Chocolate Ad. Not Made for the Lynch Mob: WhatsApp Mobs Reduce Law and Order to Naught

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WhatsApp, the messaging app is also a killer. A gatherer of mobs. Instigator of mobs. Mohammad Azam got lynched by a ‘WhatsApp mob’. Despite WhatsApp’s assurances that steps had been taken to blunt mob-takeover of the messaging app. An analysis, for Different Truths.

Looking “sophisticated” and “polished” doesn’t mean zilch to the lynch mob. And if you distribute candies and toffees to children you’re bound to be a child-lifter, get your skull cracked. This much was proven last Friday after a mob gathered by WhatsApp beat to death one young man and left two others injured in Bidar, Karnataka.

The slain man’s brother wondered how the mob could mistake his brother – a Hyderabad-techie employed with Google – for a child-lifter “when he looked so sophisticated and polished in his behaviour?” Right. The village rustic is expected to keep his distance from a Shashi Kapoor-type straying into a mud-and-thatched hamlet.

Usually, they do, too. At least, they used to do so. We’ve old Bollywood movies to prove: The hero and his friends drive into a village in his bhompu-jeep. Village women balancing pots on their heads file past, hips swinging. Barefoot village kids run after the jeep. Village men look on with indulgence reserved for the kid-goat. Except the village villain. He eyes the intruders with mean face.

Those days are gone. Village-centric movies vanished with Sholay. Nowadays, the village is pucca. Contrary to opposition claims, electricity remains for time enough to charge cellphone batteries. Smartphone, Internet, Facebook and Twitter; Instagram and WhatsApp have taken the surprise out of sophisticated and polished. The rustic is longer in awe of the Mercedes breaking down next to the sugarcane field.

Mohammad Azam’s brother Mohammd Akram must learn a lesson: Looks can’t save a man from a lynch mob. Azam entered the Bidar village with a Qatari and an Indian friend. All three must have stood out. Sophisticated and polished. But the Qatari did not know recent ‘dos and don’ts’. Don’t give sweets to children. Don’t caress child-cheeks. Don’t even smile at a girl-child. Just walk past with nose upturned, eyes straight. The children are invisible. Don’t exist.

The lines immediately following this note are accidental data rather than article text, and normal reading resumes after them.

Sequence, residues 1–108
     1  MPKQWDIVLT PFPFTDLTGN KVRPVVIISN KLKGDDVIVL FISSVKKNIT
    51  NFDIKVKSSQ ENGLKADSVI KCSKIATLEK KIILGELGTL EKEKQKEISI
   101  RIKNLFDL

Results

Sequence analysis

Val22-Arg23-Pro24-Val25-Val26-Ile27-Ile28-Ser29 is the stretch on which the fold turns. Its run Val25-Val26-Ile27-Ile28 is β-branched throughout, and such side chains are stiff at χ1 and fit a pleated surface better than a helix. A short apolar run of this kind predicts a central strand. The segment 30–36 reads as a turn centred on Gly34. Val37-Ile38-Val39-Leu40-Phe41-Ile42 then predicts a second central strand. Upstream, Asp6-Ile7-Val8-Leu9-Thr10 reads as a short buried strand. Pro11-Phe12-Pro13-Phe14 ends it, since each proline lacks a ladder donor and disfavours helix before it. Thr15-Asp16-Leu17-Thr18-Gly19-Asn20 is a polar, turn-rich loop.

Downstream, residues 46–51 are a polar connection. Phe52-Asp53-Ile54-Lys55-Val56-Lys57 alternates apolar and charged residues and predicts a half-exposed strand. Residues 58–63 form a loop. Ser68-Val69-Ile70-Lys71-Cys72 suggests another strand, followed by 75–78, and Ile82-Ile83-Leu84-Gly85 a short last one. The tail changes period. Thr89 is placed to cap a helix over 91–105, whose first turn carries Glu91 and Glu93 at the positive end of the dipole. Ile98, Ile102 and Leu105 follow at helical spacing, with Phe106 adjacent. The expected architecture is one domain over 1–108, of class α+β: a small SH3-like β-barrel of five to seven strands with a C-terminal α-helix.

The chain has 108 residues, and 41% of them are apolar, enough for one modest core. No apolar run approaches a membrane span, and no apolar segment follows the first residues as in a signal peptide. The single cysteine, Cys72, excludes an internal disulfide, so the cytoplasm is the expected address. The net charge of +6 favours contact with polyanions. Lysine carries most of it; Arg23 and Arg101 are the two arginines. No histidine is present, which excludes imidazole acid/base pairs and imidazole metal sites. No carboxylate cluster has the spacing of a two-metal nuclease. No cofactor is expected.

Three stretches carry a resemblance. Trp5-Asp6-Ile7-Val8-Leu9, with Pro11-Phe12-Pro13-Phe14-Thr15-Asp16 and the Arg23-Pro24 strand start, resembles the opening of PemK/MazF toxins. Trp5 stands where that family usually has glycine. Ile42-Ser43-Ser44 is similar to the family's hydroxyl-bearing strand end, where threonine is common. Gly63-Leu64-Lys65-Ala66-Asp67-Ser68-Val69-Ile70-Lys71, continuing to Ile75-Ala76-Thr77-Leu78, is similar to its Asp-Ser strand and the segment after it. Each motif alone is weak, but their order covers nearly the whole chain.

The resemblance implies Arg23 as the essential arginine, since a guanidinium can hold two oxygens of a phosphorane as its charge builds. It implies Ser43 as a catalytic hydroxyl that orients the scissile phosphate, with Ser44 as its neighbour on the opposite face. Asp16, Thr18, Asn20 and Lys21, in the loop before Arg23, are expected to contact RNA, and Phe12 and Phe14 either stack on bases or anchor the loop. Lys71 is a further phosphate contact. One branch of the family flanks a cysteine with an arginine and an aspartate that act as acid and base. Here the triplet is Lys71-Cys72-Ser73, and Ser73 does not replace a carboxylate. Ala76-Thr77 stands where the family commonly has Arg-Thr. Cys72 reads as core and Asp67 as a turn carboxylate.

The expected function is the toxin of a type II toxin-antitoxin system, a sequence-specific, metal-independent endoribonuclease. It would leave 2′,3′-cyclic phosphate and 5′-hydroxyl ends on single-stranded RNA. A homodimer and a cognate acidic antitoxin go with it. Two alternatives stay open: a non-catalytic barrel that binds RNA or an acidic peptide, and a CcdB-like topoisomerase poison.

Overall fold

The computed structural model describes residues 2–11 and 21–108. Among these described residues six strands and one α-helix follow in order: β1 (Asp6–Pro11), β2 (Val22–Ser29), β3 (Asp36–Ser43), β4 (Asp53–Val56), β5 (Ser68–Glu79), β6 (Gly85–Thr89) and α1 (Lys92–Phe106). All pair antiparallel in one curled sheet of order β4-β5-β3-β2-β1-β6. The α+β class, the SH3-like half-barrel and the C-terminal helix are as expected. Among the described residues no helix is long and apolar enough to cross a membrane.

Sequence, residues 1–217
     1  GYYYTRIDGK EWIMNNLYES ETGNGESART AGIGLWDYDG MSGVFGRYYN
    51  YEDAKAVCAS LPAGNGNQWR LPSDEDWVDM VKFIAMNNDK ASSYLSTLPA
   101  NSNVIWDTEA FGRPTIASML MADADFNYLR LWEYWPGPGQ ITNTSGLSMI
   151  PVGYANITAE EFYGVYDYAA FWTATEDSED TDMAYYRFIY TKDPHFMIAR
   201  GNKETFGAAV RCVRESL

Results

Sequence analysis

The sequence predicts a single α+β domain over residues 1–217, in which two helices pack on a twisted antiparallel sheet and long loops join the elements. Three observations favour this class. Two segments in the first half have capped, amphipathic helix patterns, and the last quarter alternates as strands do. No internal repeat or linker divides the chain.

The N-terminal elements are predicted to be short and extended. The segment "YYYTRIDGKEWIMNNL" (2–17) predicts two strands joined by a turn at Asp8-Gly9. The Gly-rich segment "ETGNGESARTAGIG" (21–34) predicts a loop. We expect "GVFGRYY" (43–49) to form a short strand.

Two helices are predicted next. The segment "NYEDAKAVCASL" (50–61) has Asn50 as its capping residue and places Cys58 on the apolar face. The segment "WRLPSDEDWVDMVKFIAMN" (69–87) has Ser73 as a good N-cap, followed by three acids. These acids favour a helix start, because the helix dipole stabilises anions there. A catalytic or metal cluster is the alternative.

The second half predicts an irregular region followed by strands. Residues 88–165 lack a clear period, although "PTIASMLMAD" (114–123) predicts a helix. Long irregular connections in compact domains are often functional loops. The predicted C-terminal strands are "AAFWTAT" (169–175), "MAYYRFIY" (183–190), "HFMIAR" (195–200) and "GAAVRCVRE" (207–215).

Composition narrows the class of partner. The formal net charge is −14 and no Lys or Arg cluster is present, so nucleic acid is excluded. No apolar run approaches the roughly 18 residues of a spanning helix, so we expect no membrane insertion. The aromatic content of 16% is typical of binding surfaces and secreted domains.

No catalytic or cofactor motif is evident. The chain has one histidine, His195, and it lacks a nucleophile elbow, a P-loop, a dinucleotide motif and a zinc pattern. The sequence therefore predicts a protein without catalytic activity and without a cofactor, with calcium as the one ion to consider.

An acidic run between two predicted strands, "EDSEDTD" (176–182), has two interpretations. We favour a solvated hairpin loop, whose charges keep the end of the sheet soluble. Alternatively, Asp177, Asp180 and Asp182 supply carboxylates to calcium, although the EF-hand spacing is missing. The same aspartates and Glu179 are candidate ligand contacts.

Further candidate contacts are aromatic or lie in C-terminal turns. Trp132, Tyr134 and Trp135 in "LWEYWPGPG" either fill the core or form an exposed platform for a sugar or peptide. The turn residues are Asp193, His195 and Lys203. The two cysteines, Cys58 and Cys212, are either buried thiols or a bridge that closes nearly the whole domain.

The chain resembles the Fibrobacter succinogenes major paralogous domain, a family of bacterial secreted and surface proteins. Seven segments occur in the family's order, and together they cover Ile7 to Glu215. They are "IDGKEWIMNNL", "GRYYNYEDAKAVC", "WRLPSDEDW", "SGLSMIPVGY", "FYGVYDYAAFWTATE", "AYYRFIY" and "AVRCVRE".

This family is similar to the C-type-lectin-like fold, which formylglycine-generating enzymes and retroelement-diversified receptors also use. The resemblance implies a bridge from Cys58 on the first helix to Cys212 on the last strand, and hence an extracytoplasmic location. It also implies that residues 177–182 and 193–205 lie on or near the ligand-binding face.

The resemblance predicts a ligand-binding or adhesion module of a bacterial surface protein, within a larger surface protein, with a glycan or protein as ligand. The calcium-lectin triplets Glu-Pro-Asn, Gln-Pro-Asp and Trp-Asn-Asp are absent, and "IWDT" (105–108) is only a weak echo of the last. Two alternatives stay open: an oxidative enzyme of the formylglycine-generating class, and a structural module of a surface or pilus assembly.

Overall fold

Stay aloof to avoid getting lynched. That is if a WhatsApp message has not already informed rustic dingbats that child-lifters are coming! Do visitors to villages/towns have to report to police stations first, and be issued a ‘Not a Child Lifter’ badge on their shirtfronts? It’s as if city-types have nothing else to do other than lift children.

Simple questions such as ‘Where are you from?’, ‘Who do you want to meet in our village/town?’ and ‘Do you have ID?’ are not asked. It’s straightaway ‘kill the child-lifter’. The Qatari would never come to India again, that’s for sure, and he would spread the word. Once back home, if he hears a raised Indian voice, he might even go on the offensive.

In the Gulf, if somebody smiles at a little girl in the lift and pats her on the head, her British mom could lodge a complaint and get that somebody deported. It happened to a Pakistani a decade ago. The point is nobody gets lynched by a mob in the Gulf. The law comes into play and that’s it.

But in the India of today, the law has lost its teeth, and breadth. Nobody respects the law. Nobody is afraid of the law. There are mobs everywhere. The mob in the street. The mob in the village. The mob in the town. The mob in the train. The mob on the highway. The mob in the mind!

And WhatsApp? The messaging app is also a killer. A gatherer of mobs. Instigator of mobs. Mohammad Azam got lynched by a ‘WhatsApp mob’. Despite WhatsApp’s assurances that steps had been taken to blunt mob-takeover of the messaging app. WhatsApp is still not aware of ‘What’s Up’ because of WhatsApp!

Know this – friend and foe, Indian and foreigner – life in India these days is worth less than a busted nickel or a WhatsApp message. Don’t ever make the mistake of smiling at a child. Don’t carry candies and sweets. The Chocolate Ad was not made for the mob.

Sushil Kutty

©IPA Service 

Photo from the Internet